Death by snails is the infamous moment of Aenigma, making it a perfect double bill with Juan Piquer Simón's Slugs (1988) in spite of the scene actually being a nude woman being smothered by living escargot on mass, immediately sympathy for the actress gained from having to shoot such an awkward, gross scene for real laid under them. All the deaths, following the lack of rules allowed through Kathy being able to manipulate reality from her hospital bed, follow an elaborate and original way between all of them. From death by mirror doppelganger to living statues in a museum, even if they have somewhat cheap effects they still stand out for their unnatural qualities. One sequence is actually one of the strongest in Lucio Fulci's career, a person trying to escape a bedroom where a decapitated corpse is only for each door they go through to go back to the original bedroom, firmly entrenching Aenigma in a nightmarish tone for one brief moment, the moment within the film, for all its silliness before and after, that's legitimately well executed and makes the rest of it worth sitting through. That this is also the scene where Tom Cruise's cameo sticks out perfectly just adds to it, making the film's existence worthy for it.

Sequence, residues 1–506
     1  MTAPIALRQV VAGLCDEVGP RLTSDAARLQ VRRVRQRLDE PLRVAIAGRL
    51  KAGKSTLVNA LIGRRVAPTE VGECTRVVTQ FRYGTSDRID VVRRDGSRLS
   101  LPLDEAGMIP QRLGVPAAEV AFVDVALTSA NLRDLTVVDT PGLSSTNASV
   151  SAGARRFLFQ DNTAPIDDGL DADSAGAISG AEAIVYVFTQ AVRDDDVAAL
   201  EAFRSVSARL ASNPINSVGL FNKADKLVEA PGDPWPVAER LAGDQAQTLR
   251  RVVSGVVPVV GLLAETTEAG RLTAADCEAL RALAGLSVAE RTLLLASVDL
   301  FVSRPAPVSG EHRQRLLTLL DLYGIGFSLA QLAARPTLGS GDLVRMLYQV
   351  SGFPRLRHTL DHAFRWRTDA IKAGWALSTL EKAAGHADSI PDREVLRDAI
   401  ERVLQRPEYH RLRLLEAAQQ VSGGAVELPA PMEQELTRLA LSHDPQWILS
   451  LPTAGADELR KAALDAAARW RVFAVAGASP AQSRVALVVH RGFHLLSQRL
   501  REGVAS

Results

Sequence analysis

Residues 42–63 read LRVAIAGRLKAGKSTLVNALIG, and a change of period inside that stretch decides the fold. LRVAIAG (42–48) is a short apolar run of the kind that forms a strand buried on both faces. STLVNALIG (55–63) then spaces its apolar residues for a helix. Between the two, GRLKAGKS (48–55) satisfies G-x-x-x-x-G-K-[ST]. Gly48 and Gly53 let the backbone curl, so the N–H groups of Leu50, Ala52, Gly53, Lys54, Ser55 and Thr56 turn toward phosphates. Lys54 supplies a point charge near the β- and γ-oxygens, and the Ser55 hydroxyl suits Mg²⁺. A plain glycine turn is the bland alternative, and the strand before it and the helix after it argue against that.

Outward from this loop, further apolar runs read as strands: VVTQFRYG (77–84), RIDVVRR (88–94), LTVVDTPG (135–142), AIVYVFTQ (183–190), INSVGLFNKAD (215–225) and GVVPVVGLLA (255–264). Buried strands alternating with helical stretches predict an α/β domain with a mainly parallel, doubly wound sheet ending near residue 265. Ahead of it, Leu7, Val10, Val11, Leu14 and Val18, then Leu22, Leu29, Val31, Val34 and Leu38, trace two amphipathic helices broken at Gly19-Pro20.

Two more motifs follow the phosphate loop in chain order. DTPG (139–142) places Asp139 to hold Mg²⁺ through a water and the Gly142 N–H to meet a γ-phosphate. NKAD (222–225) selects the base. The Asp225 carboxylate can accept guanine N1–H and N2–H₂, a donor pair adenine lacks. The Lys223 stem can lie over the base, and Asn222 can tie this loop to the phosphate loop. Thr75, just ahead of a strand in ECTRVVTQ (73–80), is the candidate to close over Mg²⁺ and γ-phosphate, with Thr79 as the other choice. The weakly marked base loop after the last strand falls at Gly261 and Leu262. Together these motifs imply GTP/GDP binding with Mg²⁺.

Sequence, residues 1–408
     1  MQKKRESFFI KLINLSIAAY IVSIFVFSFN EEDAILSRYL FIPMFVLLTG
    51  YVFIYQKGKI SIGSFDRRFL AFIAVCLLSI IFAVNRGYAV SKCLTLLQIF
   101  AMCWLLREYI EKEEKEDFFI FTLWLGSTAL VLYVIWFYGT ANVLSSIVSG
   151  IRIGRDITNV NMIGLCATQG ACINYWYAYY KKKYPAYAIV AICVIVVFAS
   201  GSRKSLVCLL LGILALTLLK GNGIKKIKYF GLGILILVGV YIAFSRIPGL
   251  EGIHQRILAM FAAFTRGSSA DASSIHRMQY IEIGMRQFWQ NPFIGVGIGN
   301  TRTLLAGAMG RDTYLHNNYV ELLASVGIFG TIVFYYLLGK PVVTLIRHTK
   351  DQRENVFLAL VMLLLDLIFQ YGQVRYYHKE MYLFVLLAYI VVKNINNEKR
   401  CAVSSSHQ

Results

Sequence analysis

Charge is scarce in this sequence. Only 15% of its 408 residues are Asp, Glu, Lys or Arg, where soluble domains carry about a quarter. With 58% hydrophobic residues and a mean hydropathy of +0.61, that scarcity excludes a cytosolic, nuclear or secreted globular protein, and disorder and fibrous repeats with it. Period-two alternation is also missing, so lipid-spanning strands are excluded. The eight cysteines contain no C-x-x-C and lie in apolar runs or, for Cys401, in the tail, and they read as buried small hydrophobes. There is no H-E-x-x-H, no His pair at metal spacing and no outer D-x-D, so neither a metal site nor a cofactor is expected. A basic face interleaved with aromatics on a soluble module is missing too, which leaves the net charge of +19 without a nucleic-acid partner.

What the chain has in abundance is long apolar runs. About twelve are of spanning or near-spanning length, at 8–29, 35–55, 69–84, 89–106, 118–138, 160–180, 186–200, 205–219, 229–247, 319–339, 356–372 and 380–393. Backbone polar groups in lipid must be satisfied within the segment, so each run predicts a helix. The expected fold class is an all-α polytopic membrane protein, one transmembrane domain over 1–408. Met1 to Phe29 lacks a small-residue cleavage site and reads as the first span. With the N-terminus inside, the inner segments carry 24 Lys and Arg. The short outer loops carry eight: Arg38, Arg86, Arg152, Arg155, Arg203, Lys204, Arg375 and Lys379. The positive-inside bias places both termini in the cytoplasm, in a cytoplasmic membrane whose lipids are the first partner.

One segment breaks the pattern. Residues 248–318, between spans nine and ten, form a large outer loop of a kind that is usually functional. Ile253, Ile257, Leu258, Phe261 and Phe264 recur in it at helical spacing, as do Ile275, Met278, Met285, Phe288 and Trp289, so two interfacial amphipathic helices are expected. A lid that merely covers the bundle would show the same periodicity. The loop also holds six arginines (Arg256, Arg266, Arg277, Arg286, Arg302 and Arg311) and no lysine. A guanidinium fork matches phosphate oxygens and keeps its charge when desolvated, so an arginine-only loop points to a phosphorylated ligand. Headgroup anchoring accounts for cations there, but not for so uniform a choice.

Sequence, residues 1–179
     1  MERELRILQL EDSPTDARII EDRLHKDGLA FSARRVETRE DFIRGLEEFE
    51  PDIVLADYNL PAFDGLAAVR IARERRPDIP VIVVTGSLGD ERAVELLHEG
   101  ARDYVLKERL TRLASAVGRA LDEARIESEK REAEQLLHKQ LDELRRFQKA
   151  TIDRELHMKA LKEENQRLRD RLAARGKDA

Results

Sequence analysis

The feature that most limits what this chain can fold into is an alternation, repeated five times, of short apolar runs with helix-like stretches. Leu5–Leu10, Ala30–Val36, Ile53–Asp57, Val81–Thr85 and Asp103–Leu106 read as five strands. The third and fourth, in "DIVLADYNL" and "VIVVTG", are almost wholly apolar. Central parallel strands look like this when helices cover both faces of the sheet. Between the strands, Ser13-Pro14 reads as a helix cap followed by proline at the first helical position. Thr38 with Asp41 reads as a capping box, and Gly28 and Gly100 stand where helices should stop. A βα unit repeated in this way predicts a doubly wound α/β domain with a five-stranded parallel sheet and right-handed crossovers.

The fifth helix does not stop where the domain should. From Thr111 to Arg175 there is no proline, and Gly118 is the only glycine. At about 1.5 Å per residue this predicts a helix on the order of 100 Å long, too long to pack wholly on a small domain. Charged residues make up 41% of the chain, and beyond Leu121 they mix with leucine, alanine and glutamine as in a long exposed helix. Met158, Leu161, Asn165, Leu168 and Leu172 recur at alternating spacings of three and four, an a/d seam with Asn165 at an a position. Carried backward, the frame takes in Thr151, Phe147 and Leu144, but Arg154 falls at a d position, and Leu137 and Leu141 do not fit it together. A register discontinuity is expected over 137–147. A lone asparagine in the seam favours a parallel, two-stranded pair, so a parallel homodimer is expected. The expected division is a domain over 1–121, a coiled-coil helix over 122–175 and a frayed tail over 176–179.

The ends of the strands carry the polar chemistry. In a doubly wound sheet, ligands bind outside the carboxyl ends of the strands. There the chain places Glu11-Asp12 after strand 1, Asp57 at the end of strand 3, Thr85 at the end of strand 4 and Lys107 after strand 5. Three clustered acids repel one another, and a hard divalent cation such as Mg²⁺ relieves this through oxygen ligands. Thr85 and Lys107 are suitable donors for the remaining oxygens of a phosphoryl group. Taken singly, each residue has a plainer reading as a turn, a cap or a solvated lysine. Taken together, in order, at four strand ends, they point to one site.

Whether Aenigma is abstract enough to go on the list was to debate, only to remember however that The Black Cat (1981) got on; if it can, Aenigma had to. It's not as surreal as the likes of The Beyond or A Cat in the Brain, those films by various qualities possessing the right mix of atmosphere or absolute weirdness to stand out more. But even with a lesser entry in his career, Fulci's movies always stood out in how more delicately obscurer they were in tone for the better; knowing full well how he would go off script a lot with his films is testament to this, but an even bigger aspect is knowing even here, with complete honesty that Aenigma is ridiculous and exceptionally flawed, there was still the weird magic of his earlier, best work still here.
Definitely a film for hardcore Fulci fans first, not newcomers to his filmography unless you appreciate late eighties camp greatly. Contrary to negative reviews of it, and a lot of the late eighties Italian horror films, there's still a compelling excess and style to them even with the visibly restricted look Aenigma has. It's not high art even in Fulci's career, where there's actual candidates earlier in his career for great genre films, but having always been warned about his later career after the late eighties being lesser and lesser quality, Aenigma is a higher bar above the expectations even in terms of trashy cinema with personality to it.